The sun was a giant weight on my shoulders. One hundred degrees. It beat down on me furiously as I ran around the huge track. Sweat squeezed its way out of every pour on my body, the entire top collar of my smelly P.E. shirt drenched in the moisture. I rounded yet another corner, my feet pounding desperately on the ground with every step. My calves felt like they were to burst out of my skin and spill all over the track. My lungs felt contracted, not giving me nearly enough air. The air looked wavy and fuzzy. I'm going to faint, I thought. Just a few minutes longer.
I passed the soccer goals, then the Seminary building, then the tennis courts. Once I finished the big track I had to keep going on the little track. Passed the lamp post. Now I was on the gravel. My bottoms of my feet throbbed. My throat gave off faint coughs, weak from straining to breathe. Deep breaths. The world kept spinning around me, around and around. Children at recess at the elementary yelled and laughed in the background. I had to make it in twelve minutes to get an A. I've always made it at exactly that. I stumbled and slowed for a moment, staring ahead at the wavy image of my P.E. teacher at the end of the track. Just a straight line from here. Come on. I took off, one last burst to the finish.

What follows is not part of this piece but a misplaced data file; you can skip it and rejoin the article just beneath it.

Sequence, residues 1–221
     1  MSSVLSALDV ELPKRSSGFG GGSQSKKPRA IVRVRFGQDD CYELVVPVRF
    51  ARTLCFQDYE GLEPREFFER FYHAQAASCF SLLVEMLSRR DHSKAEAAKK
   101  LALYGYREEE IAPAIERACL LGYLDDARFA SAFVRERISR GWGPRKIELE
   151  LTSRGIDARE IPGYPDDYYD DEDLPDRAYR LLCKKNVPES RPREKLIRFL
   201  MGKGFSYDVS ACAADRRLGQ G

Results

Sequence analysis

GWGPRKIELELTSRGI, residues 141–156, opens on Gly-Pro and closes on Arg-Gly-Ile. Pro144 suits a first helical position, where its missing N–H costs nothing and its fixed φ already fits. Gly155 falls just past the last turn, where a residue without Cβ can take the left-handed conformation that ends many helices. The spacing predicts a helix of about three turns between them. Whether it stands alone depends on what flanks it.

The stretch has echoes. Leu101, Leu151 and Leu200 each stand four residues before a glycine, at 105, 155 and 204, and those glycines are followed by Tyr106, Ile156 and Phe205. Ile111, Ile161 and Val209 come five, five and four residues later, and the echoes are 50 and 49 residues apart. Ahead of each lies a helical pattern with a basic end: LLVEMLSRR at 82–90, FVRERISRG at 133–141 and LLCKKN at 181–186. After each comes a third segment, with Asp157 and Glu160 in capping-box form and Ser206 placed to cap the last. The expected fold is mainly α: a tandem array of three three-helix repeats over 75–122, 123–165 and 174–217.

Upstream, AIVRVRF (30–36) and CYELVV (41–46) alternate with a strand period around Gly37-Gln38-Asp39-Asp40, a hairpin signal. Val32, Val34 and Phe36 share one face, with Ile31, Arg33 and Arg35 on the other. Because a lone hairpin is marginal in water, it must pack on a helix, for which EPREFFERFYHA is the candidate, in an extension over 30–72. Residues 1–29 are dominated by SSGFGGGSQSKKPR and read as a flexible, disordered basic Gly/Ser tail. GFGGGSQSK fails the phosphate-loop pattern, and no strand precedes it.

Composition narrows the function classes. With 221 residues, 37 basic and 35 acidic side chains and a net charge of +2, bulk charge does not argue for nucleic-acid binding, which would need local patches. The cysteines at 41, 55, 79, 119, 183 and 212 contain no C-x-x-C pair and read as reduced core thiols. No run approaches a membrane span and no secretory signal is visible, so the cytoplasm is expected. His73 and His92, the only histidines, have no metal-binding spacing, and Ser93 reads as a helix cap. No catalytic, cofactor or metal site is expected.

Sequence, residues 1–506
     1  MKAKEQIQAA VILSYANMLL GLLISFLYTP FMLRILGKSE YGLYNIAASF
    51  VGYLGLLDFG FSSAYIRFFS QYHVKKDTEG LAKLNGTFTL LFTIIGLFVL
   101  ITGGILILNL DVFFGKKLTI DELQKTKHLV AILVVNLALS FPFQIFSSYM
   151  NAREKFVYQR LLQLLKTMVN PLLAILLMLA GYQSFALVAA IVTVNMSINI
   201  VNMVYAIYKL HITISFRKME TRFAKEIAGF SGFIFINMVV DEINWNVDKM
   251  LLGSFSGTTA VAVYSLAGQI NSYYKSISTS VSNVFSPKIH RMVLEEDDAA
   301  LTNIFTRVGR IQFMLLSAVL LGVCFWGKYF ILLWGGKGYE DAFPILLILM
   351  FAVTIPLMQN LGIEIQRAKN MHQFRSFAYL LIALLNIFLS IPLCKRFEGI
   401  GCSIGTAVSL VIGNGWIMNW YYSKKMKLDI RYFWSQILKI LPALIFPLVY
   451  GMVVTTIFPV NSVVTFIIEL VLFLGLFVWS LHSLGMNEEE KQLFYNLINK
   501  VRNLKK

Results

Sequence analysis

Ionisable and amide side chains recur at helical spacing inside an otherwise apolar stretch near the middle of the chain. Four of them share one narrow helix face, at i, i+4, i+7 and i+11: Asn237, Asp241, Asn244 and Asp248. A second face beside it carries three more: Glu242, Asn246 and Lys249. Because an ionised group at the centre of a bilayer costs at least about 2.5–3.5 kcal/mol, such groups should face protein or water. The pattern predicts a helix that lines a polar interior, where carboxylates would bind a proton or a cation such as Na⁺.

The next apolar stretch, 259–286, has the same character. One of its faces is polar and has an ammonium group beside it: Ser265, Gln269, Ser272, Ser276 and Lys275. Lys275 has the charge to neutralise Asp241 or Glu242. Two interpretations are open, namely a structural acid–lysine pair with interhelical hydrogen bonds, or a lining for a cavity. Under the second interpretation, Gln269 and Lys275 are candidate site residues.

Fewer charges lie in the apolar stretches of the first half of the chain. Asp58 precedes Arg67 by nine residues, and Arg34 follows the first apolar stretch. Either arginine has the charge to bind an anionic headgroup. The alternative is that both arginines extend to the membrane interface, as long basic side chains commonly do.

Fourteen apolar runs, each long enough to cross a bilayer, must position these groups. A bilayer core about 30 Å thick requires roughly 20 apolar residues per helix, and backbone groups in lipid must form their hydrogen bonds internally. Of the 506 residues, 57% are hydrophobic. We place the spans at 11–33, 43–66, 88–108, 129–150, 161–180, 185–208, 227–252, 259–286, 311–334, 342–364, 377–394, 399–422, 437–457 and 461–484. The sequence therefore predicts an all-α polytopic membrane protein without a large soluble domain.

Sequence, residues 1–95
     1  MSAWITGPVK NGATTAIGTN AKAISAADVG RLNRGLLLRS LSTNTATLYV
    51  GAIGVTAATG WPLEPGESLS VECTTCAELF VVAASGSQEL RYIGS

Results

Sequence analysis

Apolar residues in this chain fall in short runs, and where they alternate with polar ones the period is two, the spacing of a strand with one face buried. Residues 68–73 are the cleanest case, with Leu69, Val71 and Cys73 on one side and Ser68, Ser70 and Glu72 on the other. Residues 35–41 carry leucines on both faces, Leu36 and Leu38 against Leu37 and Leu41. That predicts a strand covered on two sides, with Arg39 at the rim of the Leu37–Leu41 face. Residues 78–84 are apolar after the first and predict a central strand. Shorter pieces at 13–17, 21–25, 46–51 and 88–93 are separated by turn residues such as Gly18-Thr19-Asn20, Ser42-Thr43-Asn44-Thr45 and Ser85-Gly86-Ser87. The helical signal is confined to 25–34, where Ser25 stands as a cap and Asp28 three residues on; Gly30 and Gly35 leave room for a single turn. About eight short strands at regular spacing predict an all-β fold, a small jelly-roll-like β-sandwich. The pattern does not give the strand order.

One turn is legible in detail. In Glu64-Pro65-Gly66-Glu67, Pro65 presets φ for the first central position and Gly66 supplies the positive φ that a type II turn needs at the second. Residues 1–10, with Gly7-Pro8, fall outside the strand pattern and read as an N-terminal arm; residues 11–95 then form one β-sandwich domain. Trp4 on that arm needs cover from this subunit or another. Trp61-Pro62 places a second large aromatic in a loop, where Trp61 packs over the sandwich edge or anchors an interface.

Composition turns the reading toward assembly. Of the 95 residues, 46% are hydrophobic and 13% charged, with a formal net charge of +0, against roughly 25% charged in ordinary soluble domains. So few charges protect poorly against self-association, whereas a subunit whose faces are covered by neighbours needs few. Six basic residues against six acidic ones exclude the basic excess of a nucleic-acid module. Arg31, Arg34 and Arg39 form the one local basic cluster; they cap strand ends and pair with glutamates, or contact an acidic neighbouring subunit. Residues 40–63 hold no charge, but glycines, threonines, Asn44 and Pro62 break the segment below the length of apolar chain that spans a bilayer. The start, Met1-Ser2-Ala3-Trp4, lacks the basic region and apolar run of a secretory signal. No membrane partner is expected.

I passed the line, my head throbbing and pounding to the beat of my heart. I could feel my blood pumping all throughout my body, every vain swollen, pushing the blood past like a hot potato. "13:10" my time was called out. Not 13... I needed 12... my thoughts seemed to sway and block off. Defeat. The skin on my face drooped. I dragged myself inside and sat slowly on the ground. "You don't look so good," my friend said to me. I could hardly hear her. "I'm exhausted," was all that came out.
Halloween: A Day When Moana and Bob Ross Coexsist
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